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ANDREW CROWTHER: Bunthorne is the Aesthetic Poet everyone goes on about, but in my experience of productions it's always Grosvenor who gets the biggest laughs. Also, he has the advantage of being almost likeable. Bunthorne is arrogant, cruel, utterly selfish a crotchety, cracked young man. He's got some good lines, but really he's a nasty bit of work. Does anyone actually like him?
Grosvenor may be a very Narcissus, but you can't help warming to him... I suppose because he's more of a fool than a knave.
HENRY ODUM: Well - I don't know if I particularly like him (the character that is I think it's a great role), but I think we can find him pitiable in a comic sense of course!
The poor wretched fellow is a slave to his overwhelming/overweening desire to be liked well... more than simply liked adored! And in that, I think we see a fault that is all too often observed often among some of our own "celebrities" be they in the Arts, Sports, or Politics.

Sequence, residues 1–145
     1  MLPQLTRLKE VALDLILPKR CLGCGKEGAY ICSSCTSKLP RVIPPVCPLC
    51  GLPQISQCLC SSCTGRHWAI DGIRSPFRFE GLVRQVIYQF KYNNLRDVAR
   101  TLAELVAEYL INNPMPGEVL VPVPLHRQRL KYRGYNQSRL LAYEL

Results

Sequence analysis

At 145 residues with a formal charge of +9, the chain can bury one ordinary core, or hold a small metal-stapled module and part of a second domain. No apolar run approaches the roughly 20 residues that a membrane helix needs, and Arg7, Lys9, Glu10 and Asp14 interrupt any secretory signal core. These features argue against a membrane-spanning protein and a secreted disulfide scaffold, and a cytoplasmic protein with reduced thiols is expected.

And what's so funny (I think) is that Bunthorne knows it's true: "...my medievalism's affectation, born of a morbid love of admiration!" and yet can't seem to help himself! He even admits to Patience that he doesn't like poetry and while he could be saying that just as a ruse to win Patience over, I think it's funnier if we feel he really means it. But he just can't let go of all that attention he's stuck in a rut of his own making... and just can't bear to lose the fawning adoration of all those lovesick maidens!
Adoration at all costs, seems to be Bunthorne's motto and in the end we see where it gets him to great comic effect. I think he is pitiable but I have to laugh at him all the same! It's a lampoon of a type that sadly is all too familiar (IMHO).